Lawsuit Alleges Side Effects of Atripla, Stribild and Other HIV Drugs Endangered Patients to Increase Gilead Profits
A group of 20 plaintiffs have filed an product liability lawsuit against Gilead, claiming the company endangered the health and safety of individuals suffering from HIV by unnecessarily exposing them to the toxic side effects of Atripla, Stribild and other TDF-based drugs, as part of a scheme intended to maximize the company’s profits before safer, less toxic versions of the drugs were released.
The complaint (PDF) was filed in the Superior Court of California in San Francisco County on September 15, indicating that the plaintiffs suffered various kidney and bone injuries after taking versions of Gilead HIV drugs that contained the compound tenofovir disoproxil fumarate (TDF), including Truvada, Atripla, Viread, Complera and Stribild.
Gilead developed and manufactured each of the medications, and promoted them as safe and effective HIV treatments, while creating an essential monopoly in the U.S. market. However, plaintiffs allege the TDF-based medications were more toxic than they had to be, since Gilead was already aware of a safer alternative, using the HIV drug compound tenofovir alafenamide fumarate (TAF), which could be taken at lower doses and be equally as effective.
Rather than introducing the safer HIV drugs, the drug maker decided to sit on the development of the TAF formulations and continued to market the Gilead TDF drugs for years, until its patent protections expired.
Once Gilead started to face the prospect of competition from generic equivalents for Truvada, Atripla, Stribild, Viread and other TDF drugs, it began to introduce and aggressively market versions of the medications with the HIV drug compound TAF, promoting the new drugs as safer alternatives to the toxic HIV drugs they sold for years knowing they exposed users to serious health risks.
As a result of the apparent decision to place profits before consumer safety, plaintiffs allege they suffered various injuries from toxic side effects from Atripla, Stribild and the other older drugs, including low kidney function, bone demineralization, osteoporosis, and bone fractures.
“Before the FDA approved Viread, Gilead had already discovered a different design for an orally available version of tenofovir that is more potent than TDF, meaning that it can be administered at a significantly lower dose with fewer side effects than TDF,” the lawsuit states. “Unlike TDF, TAF is not converted into tenofovir until it has been absorbed by the cell. As a result, TAF is more efficiently absorbed by the cells HIV targets compared to TDF. This more efficient absorption allows TAF to achieve far greater intracellular concentrations of the activated drug (tenofovir-diphosphate) in target cells than even a dramatically larger dose of TDF, while achieving plasma concentrations of tenofovir that are 90% lower than TDF. The lowered plasma concentrations of tenofovir found with TAF result in reduced toxicity compared to TDF, making TAF safer to use than TDF.”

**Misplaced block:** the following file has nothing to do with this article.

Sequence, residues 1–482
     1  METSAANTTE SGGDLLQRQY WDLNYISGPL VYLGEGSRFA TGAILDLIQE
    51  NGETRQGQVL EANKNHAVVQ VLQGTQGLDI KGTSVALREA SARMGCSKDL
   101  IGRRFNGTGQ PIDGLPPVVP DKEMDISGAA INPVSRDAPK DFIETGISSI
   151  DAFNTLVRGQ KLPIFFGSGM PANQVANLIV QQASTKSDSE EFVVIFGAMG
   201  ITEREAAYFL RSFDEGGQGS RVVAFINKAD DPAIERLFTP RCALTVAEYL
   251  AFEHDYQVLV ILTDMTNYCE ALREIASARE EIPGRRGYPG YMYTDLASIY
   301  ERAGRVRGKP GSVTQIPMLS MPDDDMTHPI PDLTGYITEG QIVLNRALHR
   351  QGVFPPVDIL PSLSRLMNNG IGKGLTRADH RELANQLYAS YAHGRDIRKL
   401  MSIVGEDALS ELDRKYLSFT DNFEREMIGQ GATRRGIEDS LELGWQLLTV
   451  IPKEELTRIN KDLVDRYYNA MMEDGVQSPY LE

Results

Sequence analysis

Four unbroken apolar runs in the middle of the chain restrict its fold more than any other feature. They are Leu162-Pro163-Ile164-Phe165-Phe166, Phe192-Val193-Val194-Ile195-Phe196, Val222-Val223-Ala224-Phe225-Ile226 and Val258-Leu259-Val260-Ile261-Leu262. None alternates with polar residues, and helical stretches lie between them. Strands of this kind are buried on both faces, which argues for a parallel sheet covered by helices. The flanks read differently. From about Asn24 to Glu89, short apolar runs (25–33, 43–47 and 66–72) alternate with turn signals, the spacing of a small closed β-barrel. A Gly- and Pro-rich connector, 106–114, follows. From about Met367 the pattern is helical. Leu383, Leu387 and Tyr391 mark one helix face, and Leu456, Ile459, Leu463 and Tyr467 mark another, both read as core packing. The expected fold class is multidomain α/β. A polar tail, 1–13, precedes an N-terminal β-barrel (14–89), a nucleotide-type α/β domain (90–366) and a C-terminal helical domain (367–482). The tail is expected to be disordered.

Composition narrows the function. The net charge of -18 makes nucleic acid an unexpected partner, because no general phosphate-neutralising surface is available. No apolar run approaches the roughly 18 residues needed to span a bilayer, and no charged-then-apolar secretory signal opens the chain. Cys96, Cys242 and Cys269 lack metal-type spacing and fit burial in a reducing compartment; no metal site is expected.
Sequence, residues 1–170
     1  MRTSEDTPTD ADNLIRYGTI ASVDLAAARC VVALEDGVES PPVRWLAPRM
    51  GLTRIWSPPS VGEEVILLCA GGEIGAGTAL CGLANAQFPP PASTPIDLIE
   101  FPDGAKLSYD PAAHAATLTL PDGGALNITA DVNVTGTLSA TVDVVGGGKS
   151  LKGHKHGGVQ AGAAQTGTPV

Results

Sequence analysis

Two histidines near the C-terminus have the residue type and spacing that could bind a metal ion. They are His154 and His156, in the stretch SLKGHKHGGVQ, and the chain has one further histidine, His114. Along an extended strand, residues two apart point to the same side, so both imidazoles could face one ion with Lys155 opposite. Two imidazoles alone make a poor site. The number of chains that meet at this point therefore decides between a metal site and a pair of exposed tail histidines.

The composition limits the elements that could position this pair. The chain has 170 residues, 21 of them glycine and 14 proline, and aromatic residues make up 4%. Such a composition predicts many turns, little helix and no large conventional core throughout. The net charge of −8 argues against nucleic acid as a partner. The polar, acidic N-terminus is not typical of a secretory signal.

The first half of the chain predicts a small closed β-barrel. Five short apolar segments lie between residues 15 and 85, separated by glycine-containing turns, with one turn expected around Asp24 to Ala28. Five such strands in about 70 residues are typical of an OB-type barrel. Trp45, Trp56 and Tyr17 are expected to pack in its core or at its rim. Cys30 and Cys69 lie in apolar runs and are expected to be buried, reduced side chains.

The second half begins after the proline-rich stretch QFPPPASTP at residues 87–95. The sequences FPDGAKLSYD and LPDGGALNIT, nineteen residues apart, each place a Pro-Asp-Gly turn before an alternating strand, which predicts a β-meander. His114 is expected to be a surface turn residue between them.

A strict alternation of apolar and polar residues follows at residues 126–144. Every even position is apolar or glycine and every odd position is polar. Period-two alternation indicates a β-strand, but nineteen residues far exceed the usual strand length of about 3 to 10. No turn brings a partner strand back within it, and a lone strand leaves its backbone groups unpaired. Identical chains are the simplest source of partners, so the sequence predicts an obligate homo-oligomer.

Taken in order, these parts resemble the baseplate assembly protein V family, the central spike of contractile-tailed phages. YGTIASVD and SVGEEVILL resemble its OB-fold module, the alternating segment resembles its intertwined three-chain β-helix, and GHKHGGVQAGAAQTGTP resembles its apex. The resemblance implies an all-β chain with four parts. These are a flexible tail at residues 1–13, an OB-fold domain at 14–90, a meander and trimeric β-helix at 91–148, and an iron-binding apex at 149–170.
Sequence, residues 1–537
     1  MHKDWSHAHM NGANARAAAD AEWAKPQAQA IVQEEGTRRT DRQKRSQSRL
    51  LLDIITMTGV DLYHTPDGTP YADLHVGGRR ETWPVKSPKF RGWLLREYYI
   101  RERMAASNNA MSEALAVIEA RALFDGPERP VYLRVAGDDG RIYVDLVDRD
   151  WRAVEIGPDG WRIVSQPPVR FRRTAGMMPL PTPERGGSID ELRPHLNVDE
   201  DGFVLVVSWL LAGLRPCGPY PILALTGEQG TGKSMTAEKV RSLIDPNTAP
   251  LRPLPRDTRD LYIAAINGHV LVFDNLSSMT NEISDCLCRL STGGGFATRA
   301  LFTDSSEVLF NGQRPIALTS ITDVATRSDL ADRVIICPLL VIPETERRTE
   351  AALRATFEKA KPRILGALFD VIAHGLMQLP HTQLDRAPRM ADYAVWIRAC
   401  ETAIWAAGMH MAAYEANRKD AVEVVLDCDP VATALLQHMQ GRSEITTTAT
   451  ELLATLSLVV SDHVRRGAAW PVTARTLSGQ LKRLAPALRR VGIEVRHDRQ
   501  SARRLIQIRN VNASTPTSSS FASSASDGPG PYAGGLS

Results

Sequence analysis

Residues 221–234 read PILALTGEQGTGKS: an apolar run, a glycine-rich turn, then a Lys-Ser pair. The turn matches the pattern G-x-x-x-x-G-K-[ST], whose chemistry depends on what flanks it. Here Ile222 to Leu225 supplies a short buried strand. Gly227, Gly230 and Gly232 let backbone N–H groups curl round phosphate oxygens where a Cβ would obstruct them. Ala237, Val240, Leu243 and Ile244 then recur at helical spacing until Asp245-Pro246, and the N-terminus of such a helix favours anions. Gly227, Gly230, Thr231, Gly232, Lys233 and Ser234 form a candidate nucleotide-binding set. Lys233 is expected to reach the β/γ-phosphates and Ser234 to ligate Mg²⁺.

October 2022 Atripla, Stribild and TDF-Based Drug Lawsuit Update
The complaint filed last month in San Francisco County will join a constantly growing number of similar Atripla lawsuits, Stribild lawsuits, Truvada lawsuits, Viread lawsuits and Complera lawsuits being filed by individuals nationwide, most of which are pending in the California state court system.
Given common questions of fact and law, the litigation is being coordinated in California state court during discovery and a series of early “bellwether” trials will be scheduled to help the parties gauge how juries are likely to respond to certain evidence and testimony that will be repeated throughout hundreds of claims.
Last year, a federal judge rejected an attempt by Gilead to dismiss a Truvada lawsuit, in a decision that had widespread impact on the litigation. U.S. District Judge Kevin McNulty permitted a case pending in the federal court system to move forward, since the lawsuit alleges that Gilead had new information about the side effects of its HIV drugs, which it did not pass on to federal regulators.
While early trial dates approaching in California state court will not have any binding impact on hundreds of individual plaintiffs involved in the litigation, the outcome will be closely watched and is likely to have a large impact on the value of any Gilead HIV drug settlements that are offered for individuals who suffered bone problems and kidney side effects from Atripla, Stribild and other TDF-based drugs.
SonisMarch 9, 2023 at 6:12 pm
I was taking this medicine and I started having problems with my liver and I was never told the reason for it and I was than changed to triumeq
RossOctober 7, 2022 at 3:29 pm
Not sure of what to.do.
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